Amid the fire dancing, live painting and music Thursday night at the Floridian Social Club was an underlying theme – St. Petersburg supports its small businesses and their owners.
Ester Venouziou and her organization, LocalShops1, were at the center of it all. A sold-out crowd helped Venouziou celebrate her 15th year of showcasing and advocating for the locally owned and independent businesses that make the area unique.
What started as a Facebook group led to a rudimentary online directory in 2008. Her following grew organically through the Great Recession and, more recently, a pandemic.
LocalShops1 now boasts over 560 members. At Thursday night’s self-billed “Party of the Year,” Venouziou told the Catalyst that she “had no idea” what began as a hobby would become ingrained in St. Pete culture.
“It’s my business, but it’s more of a movement,” Venouziou said. “Because of everybody that’s involved. I don’t think LocalShops would be around if I didn’t have so many really great businesses giving me ideas.”
LocalShops1’s 13th annual Shopapalooza Festival, a homegrown Black Friday shopping alternative, will bring a record 350 vendors to Vinoy Park over Thanksgiving weekend. Artist Frederick “Rootman” Woods said local owners gravitate towards Venouziou’s personality.
He called her a “wonderful person” but said her business sense sets her apart. Woods explained that most creatives are “out there” and need someone like Venouziou to keep them grounded.
“You need someone to throw that anchor and say, ‘This is how it’s going to be,’” he added.
Venouziou noted that her parents were business owners. While she lacked interest in owning a company growing up, she developed an affinity for shopping locally.
Venouziou wrote her first small business list on a scrap piece of paper to guide her parents when they visited from New Jersey. That led to a Facebook group, a website, and exponential growth.
Before the pandemic, Venouziou held an annual anniversary party for LocalShops. She said it was a lot of work, and she took a multi-year hiatus.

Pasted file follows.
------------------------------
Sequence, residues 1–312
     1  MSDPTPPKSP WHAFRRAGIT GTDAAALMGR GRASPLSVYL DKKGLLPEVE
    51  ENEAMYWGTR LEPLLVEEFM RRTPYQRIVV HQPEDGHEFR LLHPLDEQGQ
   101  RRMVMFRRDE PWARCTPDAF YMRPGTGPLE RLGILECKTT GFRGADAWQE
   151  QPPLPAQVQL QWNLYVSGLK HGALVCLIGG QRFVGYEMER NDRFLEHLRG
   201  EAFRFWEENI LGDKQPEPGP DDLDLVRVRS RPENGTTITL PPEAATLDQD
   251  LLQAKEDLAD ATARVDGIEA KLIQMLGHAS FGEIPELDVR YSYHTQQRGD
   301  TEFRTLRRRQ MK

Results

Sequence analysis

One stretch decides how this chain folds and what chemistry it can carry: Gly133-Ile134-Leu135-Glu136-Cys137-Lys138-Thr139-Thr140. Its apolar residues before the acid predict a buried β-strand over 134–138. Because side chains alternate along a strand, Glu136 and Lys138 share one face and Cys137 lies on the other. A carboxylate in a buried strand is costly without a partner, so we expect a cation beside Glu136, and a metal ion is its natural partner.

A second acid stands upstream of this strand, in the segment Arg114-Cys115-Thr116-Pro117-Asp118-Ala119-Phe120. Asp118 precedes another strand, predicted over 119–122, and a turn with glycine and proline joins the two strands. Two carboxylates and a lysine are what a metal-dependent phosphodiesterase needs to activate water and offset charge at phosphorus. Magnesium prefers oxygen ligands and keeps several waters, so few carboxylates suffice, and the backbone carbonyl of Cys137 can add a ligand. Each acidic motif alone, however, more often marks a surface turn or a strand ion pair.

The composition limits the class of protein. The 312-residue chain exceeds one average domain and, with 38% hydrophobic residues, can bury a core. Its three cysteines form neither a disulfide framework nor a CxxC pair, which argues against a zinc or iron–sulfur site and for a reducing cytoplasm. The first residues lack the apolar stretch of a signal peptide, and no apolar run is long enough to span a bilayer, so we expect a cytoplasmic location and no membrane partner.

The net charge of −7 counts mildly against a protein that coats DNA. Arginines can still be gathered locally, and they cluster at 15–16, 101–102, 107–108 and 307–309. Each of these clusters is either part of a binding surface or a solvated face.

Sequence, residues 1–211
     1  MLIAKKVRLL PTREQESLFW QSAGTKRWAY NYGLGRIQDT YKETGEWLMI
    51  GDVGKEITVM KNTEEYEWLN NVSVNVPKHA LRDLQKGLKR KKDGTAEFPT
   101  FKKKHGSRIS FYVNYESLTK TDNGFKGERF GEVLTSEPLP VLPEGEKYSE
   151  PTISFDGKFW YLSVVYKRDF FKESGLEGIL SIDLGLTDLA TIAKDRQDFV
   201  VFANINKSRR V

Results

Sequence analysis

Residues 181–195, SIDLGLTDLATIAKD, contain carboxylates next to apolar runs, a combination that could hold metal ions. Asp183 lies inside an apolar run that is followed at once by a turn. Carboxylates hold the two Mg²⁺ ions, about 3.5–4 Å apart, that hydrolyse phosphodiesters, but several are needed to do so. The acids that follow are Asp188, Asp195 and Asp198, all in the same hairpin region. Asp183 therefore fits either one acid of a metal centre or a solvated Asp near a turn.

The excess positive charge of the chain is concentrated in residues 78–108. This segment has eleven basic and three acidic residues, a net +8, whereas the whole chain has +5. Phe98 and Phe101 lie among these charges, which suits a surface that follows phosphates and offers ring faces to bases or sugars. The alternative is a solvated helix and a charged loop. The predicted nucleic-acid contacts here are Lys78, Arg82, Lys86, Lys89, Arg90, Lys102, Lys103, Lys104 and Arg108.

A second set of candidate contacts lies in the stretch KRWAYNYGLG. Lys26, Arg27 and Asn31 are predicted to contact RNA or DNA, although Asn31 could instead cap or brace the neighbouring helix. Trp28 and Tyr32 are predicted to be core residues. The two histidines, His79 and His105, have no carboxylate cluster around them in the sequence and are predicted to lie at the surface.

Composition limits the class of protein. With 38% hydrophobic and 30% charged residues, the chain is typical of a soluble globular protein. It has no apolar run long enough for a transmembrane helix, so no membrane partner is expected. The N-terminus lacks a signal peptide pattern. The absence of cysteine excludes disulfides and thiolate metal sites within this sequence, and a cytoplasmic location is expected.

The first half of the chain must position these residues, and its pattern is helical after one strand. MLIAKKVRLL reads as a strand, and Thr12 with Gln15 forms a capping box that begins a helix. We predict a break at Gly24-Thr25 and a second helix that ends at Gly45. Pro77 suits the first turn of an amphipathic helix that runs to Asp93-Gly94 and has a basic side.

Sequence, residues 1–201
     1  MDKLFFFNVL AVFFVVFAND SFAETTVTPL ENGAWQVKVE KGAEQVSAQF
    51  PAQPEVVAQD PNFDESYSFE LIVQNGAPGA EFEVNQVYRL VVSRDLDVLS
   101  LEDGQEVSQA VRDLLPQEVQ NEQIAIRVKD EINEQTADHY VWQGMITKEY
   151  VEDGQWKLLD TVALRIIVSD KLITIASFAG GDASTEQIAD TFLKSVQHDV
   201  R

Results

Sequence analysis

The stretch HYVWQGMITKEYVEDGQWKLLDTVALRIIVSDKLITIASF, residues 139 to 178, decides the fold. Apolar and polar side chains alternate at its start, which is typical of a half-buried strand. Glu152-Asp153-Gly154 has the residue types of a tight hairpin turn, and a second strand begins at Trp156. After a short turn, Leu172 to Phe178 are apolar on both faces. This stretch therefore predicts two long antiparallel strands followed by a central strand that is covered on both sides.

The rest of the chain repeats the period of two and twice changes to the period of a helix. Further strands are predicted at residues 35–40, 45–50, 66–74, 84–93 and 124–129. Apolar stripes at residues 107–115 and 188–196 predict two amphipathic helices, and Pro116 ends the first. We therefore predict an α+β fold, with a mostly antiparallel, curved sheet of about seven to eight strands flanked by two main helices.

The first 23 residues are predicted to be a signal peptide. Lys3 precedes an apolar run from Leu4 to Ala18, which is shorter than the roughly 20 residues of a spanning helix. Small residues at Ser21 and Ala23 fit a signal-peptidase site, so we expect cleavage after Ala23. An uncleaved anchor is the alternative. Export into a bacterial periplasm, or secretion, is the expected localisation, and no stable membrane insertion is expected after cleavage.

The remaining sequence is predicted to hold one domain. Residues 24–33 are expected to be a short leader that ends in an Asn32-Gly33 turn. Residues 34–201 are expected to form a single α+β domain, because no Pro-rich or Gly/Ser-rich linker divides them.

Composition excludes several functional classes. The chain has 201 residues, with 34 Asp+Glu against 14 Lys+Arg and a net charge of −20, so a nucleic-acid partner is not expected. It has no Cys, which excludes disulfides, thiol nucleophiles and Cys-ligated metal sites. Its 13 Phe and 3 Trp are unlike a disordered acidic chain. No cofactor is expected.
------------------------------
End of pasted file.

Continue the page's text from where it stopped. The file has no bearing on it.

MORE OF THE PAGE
However, she thought reaching 15 years deserved a grand celebration. Venouziou said there was no doubt the nearly 100-year-old Floridian should host the party.
However, she compared the rest of the event planning to jumping out of a plane and hoping the parachute opens. “Everybody knows her,” Woods interjected. “So, people jump through hoops just to help her.”
“It’s true,” Venouziou continued. “People want to help the cause. They like the collective movement.”
County Commissioner Charlie Justice, the night’s keynote speaker, noted that he was born a few blocks from the location at Mound Park Hospital. As a student at Boca Ciega High School, Justice said he never imagined he would one day become a featured aspect of something called the “Party of the Year.”
He also stressed the importance of spending money locally. That fosters job creation and keeps prices and wages competitive, Justice added.
He noted that less than 40 cents of every dollar spent at big box stores stays in the community. That number nearly doubles to 70 cents at locally owned businesses.
LocalShop1’s website states that if every household in the metro area spent $10 monthly at locally-owned businesses, nearly $90 million would return to the community annually. “That stays with local families, local charities and local schools,” Justice said.
He explained that a county program designed to help small businesses receive government contracts awarded $6 million in 2019. Commissioners have already allocated $29 million to local owners this year.
“We really believe that keeping our local tax dollars with our local projects and families is important,” Justice said. “Our local stores, our local restaurants – those are the scenes of our life.
“And I’m incredibly grateful for each and every one of you making that happen.”